Some recommendations I put forth to Governments included the following:

  1. Governments can support the creation of a STEM Teachers Corps, similar to the National Youth Service Corps (NYSC), in Nigeria. The STEM Teachers Corps would place female teachers that studied STEM education at the teaching level and are graduating from a teacher education college or a university. Emphasis should be on ensuring that these teachers are placed on teaching assignments during their service year that help raise the profile of the STEM profession, strengthen STEM education and support collaboration with their peers.
  2. Governments can create a mission-driven, open data agency for education ("OPEN-ED") that reports up through the Ministry of Education and the Ministry of Women's Affairs & Social Development. OPEN-ED should support a data-driven approach to improve data quality, ease of enrollment, science performance for girls, and the distribution of science teachers throughout the country.
  3. Science should be taught in a way that emphasizes social and societal connections early in life through the use of indigenous storytelling and by highlighting the immense contributions of women in this area.
  4. Men have a role to play in supporting women and girls in STEM, particularly in the area of strengthening partnerships in the private sector. Since a higher percentage of men than women are working in STEM careers in the private sector, they can and should be internal advocates for women by encouraging more female STEM hires.

It was interesting to hear from the international delegates as they shed light on their countries' progress in STEM education The delegate from Belarus explained how their government is faced with a different type of challenge: in Belarus, there are far more educated women than educated men, but there is still gender discrimination when it comes to certain types of formal jobs. The delegate from Ecuador shared how their government has established specialized schools in rural areas, called "millennium schools," that are equipped with technology designed to encourage full participation from students, especially girls, in the STEM fields. The delegate from Gambia discussed the progress their government had made in reaching 89 percent gender parity between boys and girl at the primary school level, but also warned of the increased fear among the population concerning the risks of technology access, including cybercrime and young people's access to pornography.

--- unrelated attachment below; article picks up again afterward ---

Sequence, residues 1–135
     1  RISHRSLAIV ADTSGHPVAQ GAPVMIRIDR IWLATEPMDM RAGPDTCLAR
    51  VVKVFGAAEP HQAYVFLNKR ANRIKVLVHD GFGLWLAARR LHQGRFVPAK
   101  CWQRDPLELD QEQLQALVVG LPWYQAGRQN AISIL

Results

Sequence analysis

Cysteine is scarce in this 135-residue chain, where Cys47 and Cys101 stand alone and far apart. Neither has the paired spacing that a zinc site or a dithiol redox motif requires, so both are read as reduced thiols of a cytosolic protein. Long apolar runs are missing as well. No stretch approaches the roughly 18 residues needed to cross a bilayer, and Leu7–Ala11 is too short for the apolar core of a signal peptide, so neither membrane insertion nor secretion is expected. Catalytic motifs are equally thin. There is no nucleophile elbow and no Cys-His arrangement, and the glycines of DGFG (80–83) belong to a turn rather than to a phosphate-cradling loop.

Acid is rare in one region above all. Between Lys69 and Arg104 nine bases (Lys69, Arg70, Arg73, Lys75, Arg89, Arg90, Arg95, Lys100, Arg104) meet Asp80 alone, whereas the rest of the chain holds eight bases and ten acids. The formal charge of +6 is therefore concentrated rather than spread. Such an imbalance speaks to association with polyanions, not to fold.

The general consensus was that while there has been progress, it has been slow and that women and girls must be included in the future of our society.

Increased STEM education for girls will help produce the capable, flexible workforce needed to compete in today's marketplace. It will strengthen democracy by preparing all citizens to make informed choices in an increasingly technological world. It will create scientists, technologists, engineers and mathematicians who will design and innovate the breakthrough solutions, products and industries of the 21st century.

Gender equality is not just a development initiative. Excluding 69 million women and girls in Nigeria (United Nations Department of Economic and Social Affairs, Statistics Division, Population and Vital Statistics, Report, 6) from participation and high achievement in STEM subjects is a tremendous waste of human potential and means that opportunities to access careers in one of the region's fastest growing fields are extremely limited. Gender equality is about fundamental human rights and dignity and is essential to build more just and inclusive societies. If it is tightly aligned with national development strategies, scientific education for girls and women can become a driving force for a developing nation's renaissance.